Dedications: My four late friends Rory, Stan, Bryan, Jeff - shine on you crazy diamonds, they would have blogged too. Then theres Garry from Brisbane, Franco in Milan, Mike now in S.F. / my '60s-'80s gang: Ned & Joseph in Ireland; in England: Frank, Des, Guy, Clive, Joe & Joe, Ian, Ivan, Nick, David, Les, Stewart, the 3 Michaels / Catriona, Sally, Monica, Jean, Ella, Anne, Candie / and now: Daryl in N.Y., Jerry, John, Colin, Martin and Donal.

Saturday, 8 December 2012

Man of La Mancha

MAN OF LA MANCHA from 1972 seems a curiously overlooked musical, despite O'Toole and Loren I never wanted to see it at the time and when I got the dvd I just had a cursory look and filed it away, but some good comments at IMDB got me intrigued, so time for a proper look.

Locked up in a dungeon, awaiting a trial before the court of the Inquisition, Miguel de Cervantes tells his cell mates a story (created by his fantasy) of a nobleman of La Mancha, Don Quixote, who, inspired by the ancient tales of chivalry, attires himself in dilapidated armor and departs, riding a bony nag, in the company of an impromptu squire named Sancho. Don Quixote wants to renew the splendors of the knights errant; he fights windmills which he mistakes for giants; he meets a humble scullery maid whom he calls Dulcinea and elevates to the rank of sweet damsel; he takes a beating from some merchants whom he had ordered to recognize the incomparable beauty of Dulcinea; He makes an innkeeper, whom he mistakes for a lord, equip him as a knight, and at last returns hom where Dulcinea joins him to bow lovingly over his deathbed.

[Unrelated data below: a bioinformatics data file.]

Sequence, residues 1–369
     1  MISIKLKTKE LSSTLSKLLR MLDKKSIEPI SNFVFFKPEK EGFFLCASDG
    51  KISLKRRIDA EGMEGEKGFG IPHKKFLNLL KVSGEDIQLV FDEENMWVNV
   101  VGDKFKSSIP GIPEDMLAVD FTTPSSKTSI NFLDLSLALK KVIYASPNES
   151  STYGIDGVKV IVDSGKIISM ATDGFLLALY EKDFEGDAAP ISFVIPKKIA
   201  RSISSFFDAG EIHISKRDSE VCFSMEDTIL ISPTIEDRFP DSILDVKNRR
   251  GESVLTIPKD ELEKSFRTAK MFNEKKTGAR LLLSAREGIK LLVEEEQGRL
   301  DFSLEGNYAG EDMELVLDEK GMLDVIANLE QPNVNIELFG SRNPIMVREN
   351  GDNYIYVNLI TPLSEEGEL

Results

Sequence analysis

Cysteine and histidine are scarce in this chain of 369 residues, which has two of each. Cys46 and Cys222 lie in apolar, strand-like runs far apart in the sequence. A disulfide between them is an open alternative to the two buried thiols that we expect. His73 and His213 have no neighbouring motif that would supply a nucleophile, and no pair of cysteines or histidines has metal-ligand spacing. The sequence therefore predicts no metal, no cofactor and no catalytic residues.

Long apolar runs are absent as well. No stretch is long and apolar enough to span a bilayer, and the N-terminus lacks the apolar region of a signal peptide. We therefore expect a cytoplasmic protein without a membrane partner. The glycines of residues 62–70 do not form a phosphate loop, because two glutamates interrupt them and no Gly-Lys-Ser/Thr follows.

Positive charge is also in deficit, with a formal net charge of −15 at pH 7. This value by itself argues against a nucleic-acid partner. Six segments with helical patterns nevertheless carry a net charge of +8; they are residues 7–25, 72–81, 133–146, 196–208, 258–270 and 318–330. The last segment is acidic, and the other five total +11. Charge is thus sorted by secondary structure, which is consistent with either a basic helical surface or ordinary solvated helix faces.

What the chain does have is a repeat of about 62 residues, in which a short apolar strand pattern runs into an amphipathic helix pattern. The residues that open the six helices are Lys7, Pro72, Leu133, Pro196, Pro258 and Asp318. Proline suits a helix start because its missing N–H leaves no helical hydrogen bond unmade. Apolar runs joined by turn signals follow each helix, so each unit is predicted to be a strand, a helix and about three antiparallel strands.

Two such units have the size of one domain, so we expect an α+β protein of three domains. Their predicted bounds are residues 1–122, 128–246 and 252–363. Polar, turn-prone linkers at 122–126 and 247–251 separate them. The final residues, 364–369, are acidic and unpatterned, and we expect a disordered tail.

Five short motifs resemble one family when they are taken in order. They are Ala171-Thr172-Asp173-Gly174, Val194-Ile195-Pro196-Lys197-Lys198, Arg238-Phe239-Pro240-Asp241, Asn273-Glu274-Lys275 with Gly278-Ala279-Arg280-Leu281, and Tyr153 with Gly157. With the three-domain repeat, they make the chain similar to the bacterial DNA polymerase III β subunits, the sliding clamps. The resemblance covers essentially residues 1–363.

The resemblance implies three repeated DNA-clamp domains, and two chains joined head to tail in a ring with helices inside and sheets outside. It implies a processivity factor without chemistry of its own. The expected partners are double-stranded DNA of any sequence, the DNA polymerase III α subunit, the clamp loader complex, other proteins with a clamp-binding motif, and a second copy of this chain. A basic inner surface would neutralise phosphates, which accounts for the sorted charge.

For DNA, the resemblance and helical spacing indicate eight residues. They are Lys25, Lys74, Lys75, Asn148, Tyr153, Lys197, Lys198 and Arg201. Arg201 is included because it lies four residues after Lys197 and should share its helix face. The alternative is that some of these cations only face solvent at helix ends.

Based on the hit Broadway musical of the same name by Dale Wasserman the film was greeted with negative notices but like many musicals of that era, posterity has been kind - its not quite the bomb its reputation would suggest, even if a little heavy-handed in parts. The colour scheme is drab throughout, all browns and beiges, so when Loren picks some vivid green plants its a stunning burst of colour. It is really another one-song show (FIDDLER ON THE ROOF?) and "The Impossible Dream" is undeniably effective. O'Toole is dubbed but brings a nice sweetness to Don Quixote, an addled old man here. Sophia, though, dominates the film, when her Aldonza spits out her rage she is a real woman who has been abused, "a wounded animal in pain" as a friend says in his IMDB review. 

The cast is the thing here, as directed by Arthur Hiller (PLAZA SUITE, THE OUT-OF-TOWNERS, LOVE STORY etc: There's that man again - Brian Blessed (see recent  FLASH GORDON, review, below) as the beefy mulateer with the hook for a hand, left.
(Brian did a Christmas panto season at my local theatre here a year or two ago, and was also in THE TROJAN WOMEN with Hepburn, Redrave, Papas & Bujold). There is also Ian Richardson, Rosalie Crutchley, Harry Andrews, John Castle (from BLOW-UP and LION IN WINTER). Unlike bloated musicals like CAMELOT, STAR! or HELLO DOLLY this seems a minimal, pared-down musical showing Don Quixote's story to be the ultimate in human heroism, a tragic man of courage struggling to see and live life, not as it is, but as it should be. To dream the impossible dream indeed ... career highlights then for Peter and Sophia, who is certainly stunning here.To think its 40 years old !

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